The Anglo-Ashanti Wars were a series of five 19th-century conflicts that took place between 1824 and 1900, between the Ashanti Empire—in the Akan interior of the Gold Coast—and Great Britain and its allies. The British lost or negotiated truces in several of these wars, with the final war resulting in British burning of Kumasi and official occupation of the Ashanti Empire in 1900. The wars were mainly due to Ashanti attempts to establish a stronghold over the coastal areas of present-day Ghana. Coastal peoples such as the Fante and the Ga came to rely on British protection against Ashanti incursions.

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The War of the Golden Stool, also known as the Yaa Asantewaa War, the Third Ashanti Expedition, the Ashanti Uprising, or variations thereof, was a violent battle in the series of conflicts between the United Kingdom and the Ashanti Empire, an autonomous state in West Africa that fractiously co-existed with the British and its vassal coastal tribes.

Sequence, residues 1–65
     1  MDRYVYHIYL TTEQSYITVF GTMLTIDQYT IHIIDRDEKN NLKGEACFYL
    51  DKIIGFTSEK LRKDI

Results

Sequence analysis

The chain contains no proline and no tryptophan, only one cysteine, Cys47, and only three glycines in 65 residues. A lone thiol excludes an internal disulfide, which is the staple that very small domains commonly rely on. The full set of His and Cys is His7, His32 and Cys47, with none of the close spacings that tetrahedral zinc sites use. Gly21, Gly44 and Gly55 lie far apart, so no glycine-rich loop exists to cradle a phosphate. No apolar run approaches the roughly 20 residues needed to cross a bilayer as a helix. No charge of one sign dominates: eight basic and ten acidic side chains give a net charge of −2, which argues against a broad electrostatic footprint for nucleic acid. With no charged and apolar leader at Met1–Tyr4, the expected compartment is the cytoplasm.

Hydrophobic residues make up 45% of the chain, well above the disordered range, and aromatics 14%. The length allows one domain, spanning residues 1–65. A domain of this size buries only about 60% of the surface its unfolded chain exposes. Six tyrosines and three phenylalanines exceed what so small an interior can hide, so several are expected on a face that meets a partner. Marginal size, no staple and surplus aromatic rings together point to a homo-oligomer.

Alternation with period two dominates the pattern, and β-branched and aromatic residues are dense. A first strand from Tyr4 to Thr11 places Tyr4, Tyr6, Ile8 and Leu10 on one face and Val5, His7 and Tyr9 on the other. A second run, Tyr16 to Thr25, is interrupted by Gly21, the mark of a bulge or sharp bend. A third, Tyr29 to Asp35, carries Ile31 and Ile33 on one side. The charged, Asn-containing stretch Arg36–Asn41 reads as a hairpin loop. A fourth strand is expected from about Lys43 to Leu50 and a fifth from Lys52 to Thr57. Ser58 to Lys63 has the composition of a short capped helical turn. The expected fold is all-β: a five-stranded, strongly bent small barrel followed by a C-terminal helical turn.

Akwamu is a state set up by the Akwamu people in present-day Ghana. The capital of the Kingdom of Akwamu is called Akwamufie. After migrating from Bono state, the Akan founders of Akwamu settled in Twifo-Heman. The Akwamu led an expansionist empire in the 17th and 18th centuries. At the peak of their empire, the Akwamu created an influential culture that has contributed to Ghana.

Ashanti Empire former country

The Asante Empire was an Akan empire and kingdom from 1701 to 1957, in what is now modern-day Ghana. It expanded from Ashanti to include the Brong-Ahafo Region, Central Region, Eastern Region and Western Region of present-day Ghana as well as some parts of Ivory Coast and Togo. Due to the empire's military prowess, wealth, architecture, sophisticated hierarchy and culture, the Ashanti Empire has been extensively studied and has more books written by European, primarily British authors than any other indigenous culture of Sub-Saharan Africa.